The Trouble with Sexual Offender Programs

One of the most contentions and inflammatory of crimes is a sexual attack.  Furthermore, sexual predators deservedly occupy the lowest of all possible rungs on the ladder of criminality.  Recently laws intended to protect citizens from sex offenders have gotten increasingly restrictive and harsh.  The public and even celebrity support for these measures incite their continuing use.  However, upon closer examination, many problems exist with these laws, keeping others from seeking more successful sexual offender treatment programs.

Sex offenders, like other criminals, generally fall in to categories as exemplified by their general characteristics.  The overwhelming majority of them are male.  Close to 74% of these males are white.  The average age of sex offenders is in the mid forties with the majority falling between ages 30 and 69.  Their victims are generally of all ages from toddlers to the elderly, with over 90% of these victims being female (CITE TEXT BOOK HERE AND ADD TO WORKS CITED PAGE).

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One of the first types of supposed sex offender programs does not even involve treatment for the sex offender.  Instead, it is a type of program focused on protecting society not rehabilitating the offender.  While this should be one in the same, this program seems to be more punitive than protective or rehabilitative.

Nobody doubts the necessity of certain protections for society. Megan’s Law, named for a young girl who was kidnapped, raped and murdered by a neighbor who had offended twice before, is a type of sexual offender registration act (SORA) which requires recently released sex offenders to register with their local police departments.  These registries are open to the public’s scrutiny and many times appear on the internet.  Other SORAs prohibit sex offenders from living within a certain distance from a school, daycare, park, library, or other recreational areas where children frequent.  These “residency restrictions are justified as a means of taking away a portion of the opportunity for sex offenders to re-offend” and for putting “a face on sex offenders, so they can no longer prey as strangers on the most vulnerable members of society” (Durling, 2006).

Two problems exist with this “program.”  First, they violate the civil rights of the offender, and second, they lull society into a false sense of security.  Albeit sex offenders may not be deserving of rights in the view of many, they are entitled to them under the US Constitution.  First, once an offender establishes residence, he may be forced to move if a school, daycare, etc. is built; one man was forced to move out of his mother’s home.   Tragically, some sex offenders are even murdered by individuals seeking to rid society of these blights.  In Main, one man killed two sex offenders that he identified via a popular website (Durling 2006).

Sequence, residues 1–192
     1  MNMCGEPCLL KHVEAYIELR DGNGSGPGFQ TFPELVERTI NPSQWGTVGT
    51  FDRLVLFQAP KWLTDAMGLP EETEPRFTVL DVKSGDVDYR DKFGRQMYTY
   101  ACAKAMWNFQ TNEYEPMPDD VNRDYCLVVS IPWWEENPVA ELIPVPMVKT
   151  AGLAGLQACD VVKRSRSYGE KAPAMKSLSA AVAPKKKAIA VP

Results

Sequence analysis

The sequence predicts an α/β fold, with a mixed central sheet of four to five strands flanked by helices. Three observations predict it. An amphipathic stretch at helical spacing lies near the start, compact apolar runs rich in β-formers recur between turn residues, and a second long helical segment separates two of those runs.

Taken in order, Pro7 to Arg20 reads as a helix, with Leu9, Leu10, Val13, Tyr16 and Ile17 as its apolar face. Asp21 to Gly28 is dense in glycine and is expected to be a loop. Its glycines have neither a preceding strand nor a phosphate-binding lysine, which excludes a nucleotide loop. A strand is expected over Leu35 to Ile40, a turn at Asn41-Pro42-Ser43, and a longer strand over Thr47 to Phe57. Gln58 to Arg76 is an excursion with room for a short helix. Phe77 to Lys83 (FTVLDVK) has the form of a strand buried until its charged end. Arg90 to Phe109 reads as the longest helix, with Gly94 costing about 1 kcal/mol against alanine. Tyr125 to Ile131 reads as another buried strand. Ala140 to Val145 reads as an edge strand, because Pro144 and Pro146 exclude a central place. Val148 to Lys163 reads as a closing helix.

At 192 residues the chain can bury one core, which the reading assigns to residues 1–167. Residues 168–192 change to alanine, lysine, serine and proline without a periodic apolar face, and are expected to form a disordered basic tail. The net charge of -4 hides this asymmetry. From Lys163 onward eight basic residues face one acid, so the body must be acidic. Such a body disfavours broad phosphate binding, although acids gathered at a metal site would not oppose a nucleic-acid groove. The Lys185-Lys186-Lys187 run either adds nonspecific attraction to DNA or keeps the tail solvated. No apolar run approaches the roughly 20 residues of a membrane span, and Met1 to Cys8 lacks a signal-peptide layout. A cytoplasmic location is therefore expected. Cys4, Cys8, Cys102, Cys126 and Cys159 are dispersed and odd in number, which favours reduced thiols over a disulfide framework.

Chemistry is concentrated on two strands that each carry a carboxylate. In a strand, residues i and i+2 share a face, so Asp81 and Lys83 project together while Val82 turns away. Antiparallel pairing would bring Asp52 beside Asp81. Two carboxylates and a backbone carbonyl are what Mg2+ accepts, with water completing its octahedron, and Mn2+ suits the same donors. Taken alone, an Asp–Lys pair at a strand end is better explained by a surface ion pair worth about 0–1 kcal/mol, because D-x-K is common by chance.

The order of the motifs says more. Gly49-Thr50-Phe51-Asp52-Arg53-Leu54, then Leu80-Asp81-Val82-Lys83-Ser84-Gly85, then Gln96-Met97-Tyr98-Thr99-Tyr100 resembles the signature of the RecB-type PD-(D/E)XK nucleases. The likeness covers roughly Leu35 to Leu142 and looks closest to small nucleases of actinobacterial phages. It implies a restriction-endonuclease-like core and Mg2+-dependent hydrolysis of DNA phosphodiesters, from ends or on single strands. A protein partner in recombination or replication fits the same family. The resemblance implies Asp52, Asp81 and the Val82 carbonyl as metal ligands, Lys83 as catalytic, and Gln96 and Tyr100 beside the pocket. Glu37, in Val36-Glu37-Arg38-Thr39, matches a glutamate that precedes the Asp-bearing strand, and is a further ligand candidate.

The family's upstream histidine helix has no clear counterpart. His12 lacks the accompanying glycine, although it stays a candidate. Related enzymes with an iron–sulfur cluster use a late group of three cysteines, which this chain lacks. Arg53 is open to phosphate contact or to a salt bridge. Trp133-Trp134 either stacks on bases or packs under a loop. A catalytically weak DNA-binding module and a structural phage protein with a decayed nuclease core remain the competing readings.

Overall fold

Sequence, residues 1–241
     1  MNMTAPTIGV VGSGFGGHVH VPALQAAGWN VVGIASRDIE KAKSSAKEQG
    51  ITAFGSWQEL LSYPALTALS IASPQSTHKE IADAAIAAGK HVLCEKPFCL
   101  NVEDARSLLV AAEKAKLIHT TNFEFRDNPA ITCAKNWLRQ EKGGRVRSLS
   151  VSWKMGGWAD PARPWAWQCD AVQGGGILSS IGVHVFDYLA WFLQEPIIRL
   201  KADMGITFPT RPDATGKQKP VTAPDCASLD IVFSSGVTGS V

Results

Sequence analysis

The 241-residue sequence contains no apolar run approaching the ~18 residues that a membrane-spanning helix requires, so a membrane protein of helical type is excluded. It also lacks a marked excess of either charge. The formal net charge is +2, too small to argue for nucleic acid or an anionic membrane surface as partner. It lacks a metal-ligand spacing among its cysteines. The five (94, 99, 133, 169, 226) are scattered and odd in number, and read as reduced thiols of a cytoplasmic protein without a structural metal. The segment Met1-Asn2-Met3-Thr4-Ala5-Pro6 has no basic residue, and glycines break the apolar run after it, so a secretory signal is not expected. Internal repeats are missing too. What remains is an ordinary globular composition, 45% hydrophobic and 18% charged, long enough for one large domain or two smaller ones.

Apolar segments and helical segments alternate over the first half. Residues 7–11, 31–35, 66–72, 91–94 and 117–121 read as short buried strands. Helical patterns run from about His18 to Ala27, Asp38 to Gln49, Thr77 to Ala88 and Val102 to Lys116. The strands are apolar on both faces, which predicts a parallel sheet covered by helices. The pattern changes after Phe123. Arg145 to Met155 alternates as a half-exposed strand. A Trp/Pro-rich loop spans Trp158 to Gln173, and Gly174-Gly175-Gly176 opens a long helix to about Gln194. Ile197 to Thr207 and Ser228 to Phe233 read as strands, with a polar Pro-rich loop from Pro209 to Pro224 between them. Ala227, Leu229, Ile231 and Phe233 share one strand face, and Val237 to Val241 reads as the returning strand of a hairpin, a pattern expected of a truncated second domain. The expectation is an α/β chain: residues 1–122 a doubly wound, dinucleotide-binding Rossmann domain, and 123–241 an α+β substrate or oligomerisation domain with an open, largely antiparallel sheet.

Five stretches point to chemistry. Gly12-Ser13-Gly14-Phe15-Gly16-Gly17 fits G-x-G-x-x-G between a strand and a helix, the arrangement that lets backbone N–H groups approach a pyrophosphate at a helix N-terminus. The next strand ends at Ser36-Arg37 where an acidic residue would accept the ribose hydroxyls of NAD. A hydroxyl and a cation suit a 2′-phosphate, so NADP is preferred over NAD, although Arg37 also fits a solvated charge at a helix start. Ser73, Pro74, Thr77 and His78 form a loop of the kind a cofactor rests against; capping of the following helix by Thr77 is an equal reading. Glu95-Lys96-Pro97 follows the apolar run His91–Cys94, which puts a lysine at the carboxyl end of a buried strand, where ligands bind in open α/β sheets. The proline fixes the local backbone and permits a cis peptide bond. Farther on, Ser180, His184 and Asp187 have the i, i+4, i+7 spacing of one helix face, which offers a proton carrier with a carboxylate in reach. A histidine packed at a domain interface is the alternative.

However, the most serious problem with registry programs is that they do not accomplish the intended goal.  This is true for two reasons. First, most sex offenders do not target unknown neighbor children.  As Durling (2006) suggests, “the image of the stranger sex offender harming neighborhood children is far from reality.” Numerous studies have shown overwhelmingly that this is the case.  Sexual assault and abuse occur often from complete strangers in less than 10% of cases; the abuse typically occurs from relatives, friends, babysitters, coaches, teachers or other adults whom the victims trust or perceive to have authority over them.  These statistics reach about 80% for abused girls and 60% for abused boys.  This has led criminology and psychology experts to conclude that these residency restrictions “do more harm than good, as they lull the public into a false sense of security from stranger sex offenders when the vast majority of predators meet their victims through jobs, volunteering, or social networks” (Durling, 2006).

Furthermore, most psychologists agree that sexual offenders who are determined to re-offend will do so.  However, some statistics of recidivism rates among sexual offenders have been over-inflated.  In 1994, only 14% of sexual offenders in prisons were repeat offenders.  Also in 1994, only 3% of released offenders were rearrested within three years.  Most of the re-arrest figures only not the re-arrest, not the charge.  Of the thirty-nine percent of the released sex offenders who are rearrested, the majority are not rearrested for sexual offenses, but for issues like parole violations and traffic incidents.  When compared with those that commit property and drug crimes, whose recidivism rates are 68-74% and 50-67% respectively, sex offenders to do re-offend at the previous asserted high rate.

Another unfortunate negative aspect of SORAs happens to the community.  The local governments must create sufficient housing for these individuals, which, to be in accordance with SORAs, can cost up to $17 million dollars.  For example, Iowa’s two thousand foot restriction makes entire communities off limits to sex offenders. While on the surface, this seems like excellent news for the community, the financial burden on the state affects everyone.  First, the areas that the offenders can legally live in usually see a reduction of resale rates and values of available property.  This places an economic burden on those people that live there, generally the lower socio-economic group or more outlying, rural communities where schools are fewer and farther between.  This has created entire communities of so-called misfits: